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Hold onto get-up-and-go before its gone
Senior moments
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As my sister and I were growing up, it was not unusual to see Mom and Dad dancing the jitterbug through the living room and into the dining room and kitchen … we had a rather small home.  
We were amazed at how our parents could move. When a song came on the radio that Dad liked, he would start to shuffle his feet and then make a little swishing sound with his voice. The next thing he’d say was, “C’mon, Mary,” and that was our cue to get out of the way. Mom and Dad sure knew how to have a good time.
Dancing is an activities you can do for a lifetime. Other interests like tennis, fishing, horse-back riding, biking, swimming — all fall under the category of lifetime activities. This means you can do these things for a lifetime — or, at least, you have a better chance of doing these things later on in life than, say, playing football.
Of course, if we desire to do something into our golden years, then we need to take some sort of action now to be sure we can keep doing the thing we desire. I’m pretty sure my uncle, Howard, who was an avid fisherman, would have kept fishing if he had been able to maintain his leg strength.
I know couples who used to love to dance but for lack of trying over several years have given it up. I’ve heard people say, “My get-up-an-go is gone!” I feel truly sorry for folks when this happens. And for many, there may have been little they could have done to prevent what we typically see as the inevitable result of aging.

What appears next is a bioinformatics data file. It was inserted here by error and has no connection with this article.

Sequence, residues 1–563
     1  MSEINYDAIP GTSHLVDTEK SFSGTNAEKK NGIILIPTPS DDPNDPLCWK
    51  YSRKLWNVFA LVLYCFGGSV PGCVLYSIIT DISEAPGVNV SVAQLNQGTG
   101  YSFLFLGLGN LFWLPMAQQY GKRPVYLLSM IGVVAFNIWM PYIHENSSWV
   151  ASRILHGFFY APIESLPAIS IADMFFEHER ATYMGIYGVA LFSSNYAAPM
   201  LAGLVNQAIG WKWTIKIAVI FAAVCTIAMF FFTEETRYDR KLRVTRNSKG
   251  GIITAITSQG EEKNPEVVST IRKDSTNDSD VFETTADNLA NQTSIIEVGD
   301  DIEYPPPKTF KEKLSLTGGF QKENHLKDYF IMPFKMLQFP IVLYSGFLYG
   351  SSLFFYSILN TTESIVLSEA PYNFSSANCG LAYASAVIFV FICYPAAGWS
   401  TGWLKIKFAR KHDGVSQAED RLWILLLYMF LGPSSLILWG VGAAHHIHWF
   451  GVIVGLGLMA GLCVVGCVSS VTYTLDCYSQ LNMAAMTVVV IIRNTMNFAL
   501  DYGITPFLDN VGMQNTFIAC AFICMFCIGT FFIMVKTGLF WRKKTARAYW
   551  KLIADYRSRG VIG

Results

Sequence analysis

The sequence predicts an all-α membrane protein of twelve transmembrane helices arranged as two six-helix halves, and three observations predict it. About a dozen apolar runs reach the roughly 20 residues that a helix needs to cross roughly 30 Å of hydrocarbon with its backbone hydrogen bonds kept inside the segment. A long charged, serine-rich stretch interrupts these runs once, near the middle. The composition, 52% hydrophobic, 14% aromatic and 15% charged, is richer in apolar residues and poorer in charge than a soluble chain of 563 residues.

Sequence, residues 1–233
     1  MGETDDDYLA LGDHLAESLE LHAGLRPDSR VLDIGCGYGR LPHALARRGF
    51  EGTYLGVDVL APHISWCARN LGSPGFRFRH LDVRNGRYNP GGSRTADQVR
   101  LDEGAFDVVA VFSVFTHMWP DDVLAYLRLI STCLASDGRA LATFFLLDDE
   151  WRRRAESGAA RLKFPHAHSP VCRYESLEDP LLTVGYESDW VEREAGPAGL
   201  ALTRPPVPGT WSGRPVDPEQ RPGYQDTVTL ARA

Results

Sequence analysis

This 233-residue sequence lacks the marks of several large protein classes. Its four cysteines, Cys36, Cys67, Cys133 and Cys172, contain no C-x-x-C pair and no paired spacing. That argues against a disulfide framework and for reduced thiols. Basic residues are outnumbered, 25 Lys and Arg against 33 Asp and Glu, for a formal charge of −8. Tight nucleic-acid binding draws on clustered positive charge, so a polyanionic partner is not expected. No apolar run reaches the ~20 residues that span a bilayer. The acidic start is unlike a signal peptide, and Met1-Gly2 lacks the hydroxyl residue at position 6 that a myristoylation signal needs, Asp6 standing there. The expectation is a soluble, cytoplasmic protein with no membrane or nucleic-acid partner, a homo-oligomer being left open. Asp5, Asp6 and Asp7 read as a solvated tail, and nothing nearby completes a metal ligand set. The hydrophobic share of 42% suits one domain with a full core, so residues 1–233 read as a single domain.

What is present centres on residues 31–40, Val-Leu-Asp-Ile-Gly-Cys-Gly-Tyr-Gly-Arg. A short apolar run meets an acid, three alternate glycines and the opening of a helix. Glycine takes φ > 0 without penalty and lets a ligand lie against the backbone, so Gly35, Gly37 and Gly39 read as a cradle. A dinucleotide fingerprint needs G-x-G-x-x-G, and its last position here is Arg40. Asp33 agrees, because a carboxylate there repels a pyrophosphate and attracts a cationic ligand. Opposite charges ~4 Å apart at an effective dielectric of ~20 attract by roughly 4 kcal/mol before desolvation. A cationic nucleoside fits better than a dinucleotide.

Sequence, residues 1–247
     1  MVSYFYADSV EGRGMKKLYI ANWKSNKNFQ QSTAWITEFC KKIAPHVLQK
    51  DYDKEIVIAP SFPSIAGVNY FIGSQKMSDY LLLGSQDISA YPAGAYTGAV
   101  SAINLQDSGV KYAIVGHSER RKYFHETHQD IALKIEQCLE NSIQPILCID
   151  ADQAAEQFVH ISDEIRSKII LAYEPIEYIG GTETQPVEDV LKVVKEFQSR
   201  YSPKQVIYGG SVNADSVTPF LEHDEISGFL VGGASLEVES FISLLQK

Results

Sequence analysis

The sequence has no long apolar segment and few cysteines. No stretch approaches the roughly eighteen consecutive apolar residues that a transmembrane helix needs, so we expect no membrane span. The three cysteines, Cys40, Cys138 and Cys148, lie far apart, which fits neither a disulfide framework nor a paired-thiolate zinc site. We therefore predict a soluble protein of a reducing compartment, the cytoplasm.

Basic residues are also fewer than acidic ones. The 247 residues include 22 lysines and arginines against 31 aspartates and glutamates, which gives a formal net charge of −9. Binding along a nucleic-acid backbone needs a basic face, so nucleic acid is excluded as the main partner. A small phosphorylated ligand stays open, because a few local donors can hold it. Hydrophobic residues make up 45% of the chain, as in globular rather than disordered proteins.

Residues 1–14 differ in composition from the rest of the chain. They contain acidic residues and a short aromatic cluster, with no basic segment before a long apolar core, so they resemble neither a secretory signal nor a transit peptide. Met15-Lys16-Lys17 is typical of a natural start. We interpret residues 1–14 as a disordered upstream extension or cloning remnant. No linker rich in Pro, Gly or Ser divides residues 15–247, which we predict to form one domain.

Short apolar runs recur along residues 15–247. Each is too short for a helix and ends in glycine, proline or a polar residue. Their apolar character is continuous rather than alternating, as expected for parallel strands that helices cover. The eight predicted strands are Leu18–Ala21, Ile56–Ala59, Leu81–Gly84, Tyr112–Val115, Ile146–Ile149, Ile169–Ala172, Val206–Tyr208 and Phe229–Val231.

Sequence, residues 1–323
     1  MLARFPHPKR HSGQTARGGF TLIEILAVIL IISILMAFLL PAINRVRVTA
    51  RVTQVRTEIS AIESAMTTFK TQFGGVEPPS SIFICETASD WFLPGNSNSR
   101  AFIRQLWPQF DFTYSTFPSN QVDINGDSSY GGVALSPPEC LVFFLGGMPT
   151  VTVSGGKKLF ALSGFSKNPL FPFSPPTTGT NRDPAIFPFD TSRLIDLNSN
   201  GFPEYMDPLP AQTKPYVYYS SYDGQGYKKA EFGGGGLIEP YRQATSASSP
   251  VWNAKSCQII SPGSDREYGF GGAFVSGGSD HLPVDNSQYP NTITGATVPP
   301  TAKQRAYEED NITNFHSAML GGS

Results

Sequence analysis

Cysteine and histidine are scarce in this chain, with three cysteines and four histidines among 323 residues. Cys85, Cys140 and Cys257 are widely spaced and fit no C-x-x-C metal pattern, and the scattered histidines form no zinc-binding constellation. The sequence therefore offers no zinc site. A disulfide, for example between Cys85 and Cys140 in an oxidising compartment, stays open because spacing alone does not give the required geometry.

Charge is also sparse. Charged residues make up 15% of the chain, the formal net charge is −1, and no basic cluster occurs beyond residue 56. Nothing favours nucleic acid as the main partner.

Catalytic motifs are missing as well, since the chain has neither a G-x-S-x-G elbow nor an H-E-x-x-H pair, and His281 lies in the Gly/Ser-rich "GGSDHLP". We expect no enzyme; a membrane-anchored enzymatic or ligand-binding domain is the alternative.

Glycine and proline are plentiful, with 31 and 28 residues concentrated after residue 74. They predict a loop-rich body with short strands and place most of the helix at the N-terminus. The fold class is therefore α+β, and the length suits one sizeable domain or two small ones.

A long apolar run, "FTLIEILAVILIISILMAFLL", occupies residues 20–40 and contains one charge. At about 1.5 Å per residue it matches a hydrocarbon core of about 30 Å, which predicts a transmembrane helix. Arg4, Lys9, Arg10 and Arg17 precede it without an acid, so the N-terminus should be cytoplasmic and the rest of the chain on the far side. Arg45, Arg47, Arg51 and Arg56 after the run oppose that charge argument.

And still, I wonder: At what point in life does our desire to press on get out-voted by our lack of “get-up-and-go?” I wish I had a good answer. I can’t ever see myself not being able to do something I truly desire.
I think the key to keeping your “get-up-and-go” is planning. Nobody has a crystal ball to see into the future, but everyone has an idea of what they need to do, or not do, in order to keep pressing onward. I stopped running a few years ago and started walking uphill on a treadmill because I could no longer deal with the pain I was experiencing in my feet. Having a strong heart and lungs makes no sense if I can’t walk anymore. Plus, if I had stopped running without replacing that activity with something else, I’m sure I would be looking for pants in a much larger size right about now.
If you have a vision for yourself as you age that includes things like being active with grandchildren, playing tennis when you’re 75 or hiking the Appalachian Trail for several days — camping overnight as you go — then start preparing for these things.
Again, the key is planning. We plan for vacations, weddings, retirement — even death through the purchase of a life-insurance plan. The sad reality is you can only use life insurance after you’re dead. Real life insurance includes living out your desires and goals.
What kind of plans are you making now so your “get-up-and-go” will be there when you need it later in life?

DeLong is the executive director of The Suites at Station Exchange. Call him at 912-531-7867 or go to

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